Everfuel signups to supply hydrogen to upcoming hydrogen-powered ship
Currently, ships are powered by fossil fuel which is highly pollutant and account for 3% of global emission.
Everfuel A/S has signed a Memorandum of Understanding (MoU) with a German-Norwegian shipping company to supply hydrogen to a new zero-emission ship, H2 Bulletin reports.
Under the agreement, Everfuel will supply hydrogen to the undisclosed shipping company, covering the planning, installation and operation of scalable fuelling solutions.
The shipping company aims to establish long-term hydrogen supply and offtake contracts for its zero-emission shipping projects. It plans to start operation in early 2023 with an initial ship, which is expected to consume around 1,000 kg/day hydrogen.
The two parties are currently figuring out various aspects of the project, including technical and commercial as well as exploring potential sites for the fuelling sites. Everfuel plans to initially supply hydrogen from its HySynergy facility in Fredericia using a new in-house developed fuelling solution.
Jacob Krogsgaard, the CEO of Everfuel, said, “Switching to zero-emission solutions will make a significant difference. We look forward to this cooperation on pioneering green shipping fueled by hydrogen from Everfuel.”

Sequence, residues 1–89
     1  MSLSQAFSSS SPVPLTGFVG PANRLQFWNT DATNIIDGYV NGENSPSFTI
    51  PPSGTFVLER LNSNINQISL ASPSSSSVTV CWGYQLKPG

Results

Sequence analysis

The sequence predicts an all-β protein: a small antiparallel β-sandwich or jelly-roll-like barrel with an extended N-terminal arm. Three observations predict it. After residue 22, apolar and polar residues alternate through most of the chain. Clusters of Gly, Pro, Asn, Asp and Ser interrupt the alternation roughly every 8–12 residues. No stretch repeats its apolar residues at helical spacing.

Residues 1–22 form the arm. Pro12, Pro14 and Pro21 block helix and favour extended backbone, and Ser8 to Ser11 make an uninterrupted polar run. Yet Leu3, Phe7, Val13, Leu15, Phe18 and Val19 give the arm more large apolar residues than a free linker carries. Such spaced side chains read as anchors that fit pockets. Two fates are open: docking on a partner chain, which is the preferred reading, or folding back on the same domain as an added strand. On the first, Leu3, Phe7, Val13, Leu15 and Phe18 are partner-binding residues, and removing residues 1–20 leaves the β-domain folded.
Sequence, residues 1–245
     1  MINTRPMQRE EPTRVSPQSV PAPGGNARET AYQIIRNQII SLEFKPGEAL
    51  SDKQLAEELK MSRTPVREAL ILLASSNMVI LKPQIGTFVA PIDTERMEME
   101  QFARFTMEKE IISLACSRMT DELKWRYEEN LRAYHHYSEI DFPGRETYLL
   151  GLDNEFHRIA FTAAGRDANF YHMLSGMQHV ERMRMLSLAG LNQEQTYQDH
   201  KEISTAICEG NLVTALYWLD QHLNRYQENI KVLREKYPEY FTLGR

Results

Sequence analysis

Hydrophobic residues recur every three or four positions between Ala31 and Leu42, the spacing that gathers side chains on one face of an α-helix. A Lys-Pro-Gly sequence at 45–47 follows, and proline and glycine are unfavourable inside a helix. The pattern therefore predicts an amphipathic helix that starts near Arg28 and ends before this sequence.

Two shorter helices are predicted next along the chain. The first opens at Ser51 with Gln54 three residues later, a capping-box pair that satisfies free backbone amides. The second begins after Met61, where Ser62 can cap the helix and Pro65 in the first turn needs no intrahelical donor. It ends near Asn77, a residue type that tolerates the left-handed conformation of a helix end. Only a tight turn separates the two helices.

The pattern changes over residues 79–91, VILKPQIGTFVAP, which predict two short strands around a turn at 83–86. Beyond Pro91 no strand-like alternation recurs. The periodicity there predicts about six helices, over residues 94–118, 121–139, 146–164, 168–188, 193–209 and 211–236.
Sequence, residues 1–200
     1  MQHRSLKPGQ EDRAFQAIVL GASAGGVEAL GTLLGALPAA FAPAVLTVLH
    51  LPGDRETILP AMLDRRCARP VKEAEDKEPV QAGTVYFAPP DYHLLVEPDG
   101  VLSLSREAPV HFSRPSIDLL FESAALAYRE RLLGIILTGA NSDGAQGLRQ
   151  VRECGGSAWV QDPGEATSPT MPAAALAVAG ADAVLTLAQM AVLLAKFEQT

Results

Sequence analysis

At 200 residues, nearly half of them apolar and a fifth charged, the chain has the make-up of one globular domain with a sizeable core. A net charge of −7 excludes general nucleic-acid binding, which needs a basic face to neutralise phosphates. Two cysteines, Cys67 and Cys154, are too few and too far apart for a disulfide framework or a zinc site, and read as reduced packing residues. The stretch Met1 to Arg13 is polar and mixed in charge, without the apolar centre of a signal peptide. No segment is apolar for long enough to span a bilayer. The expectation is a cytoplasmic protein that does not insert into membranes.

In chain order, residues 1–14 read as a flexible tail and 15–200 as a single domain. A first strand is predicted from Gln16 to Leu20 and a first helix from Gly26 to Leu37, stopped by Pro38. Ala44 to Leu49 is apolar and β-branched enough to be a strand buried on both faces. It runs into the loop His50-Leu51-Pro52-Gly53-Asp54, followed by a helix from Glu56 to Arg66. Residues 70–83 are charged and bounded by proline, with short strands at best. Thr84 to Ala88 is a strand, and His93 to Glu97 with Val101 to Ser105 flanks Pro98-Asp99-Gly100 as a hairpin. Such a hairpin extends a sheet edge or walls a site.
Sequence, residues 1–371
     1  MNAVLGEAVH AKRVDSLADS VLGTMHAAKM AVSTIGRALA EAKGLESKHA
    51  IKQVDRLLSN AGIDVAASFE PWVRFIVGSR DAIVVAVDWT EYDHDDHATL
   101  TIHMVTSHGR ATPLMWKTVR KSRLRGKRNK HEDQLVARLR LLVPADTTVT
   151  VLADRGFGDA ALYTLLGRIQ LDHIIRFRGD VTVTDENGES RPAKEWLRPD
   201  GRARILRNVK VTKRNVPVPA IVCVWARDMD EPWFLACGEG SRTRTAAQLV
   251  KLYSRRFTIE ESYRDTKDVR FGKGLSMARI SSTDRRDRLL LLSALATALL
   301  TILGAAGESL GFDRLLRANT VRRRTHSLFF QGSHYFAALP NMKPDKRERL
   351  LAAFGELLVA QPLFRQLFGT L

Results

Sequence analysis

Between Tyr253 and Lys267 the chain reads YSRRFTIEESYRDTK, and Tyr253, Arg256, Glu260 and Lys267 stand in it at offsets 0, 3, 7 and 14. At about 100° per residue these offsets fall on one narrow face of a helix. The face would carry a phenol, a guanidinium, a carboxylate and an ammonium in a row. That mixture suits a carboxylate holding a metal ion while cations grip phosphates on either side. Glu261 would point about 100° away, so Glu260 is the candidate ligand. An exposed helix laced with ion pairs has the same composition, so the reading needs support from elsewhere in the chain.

Everfuel is leading the HySynergy project, which involves developing a 20 MW PtX facility in 2022, aiming for over 1 GW before 2030. The goal of the project is to establish large-scale production and storage of green hydrogen to reduce the carbon footprint within the existing Shell Fredericia refinery processes and establish a supply of green hydrogen as a zero-emission fuel for heavy-duty transportation. The partners in the project involved are the Shell Refinery, Aktive Energi Anlæg (AEA), Trefor Elnet, Energinet, TVIS and EWII.
The decarbonisation of the shipping industry initiative is taking traction, where the International Maritime Organisation (IMO) set a target to cut half of the shipping emissions by 2050 and carbon neutral by the end of the century. The European Maritime Safety Organisation (EMSA) set a goal to cut its region’s emissions by at least 40% until 2050, compared to 2005 levels.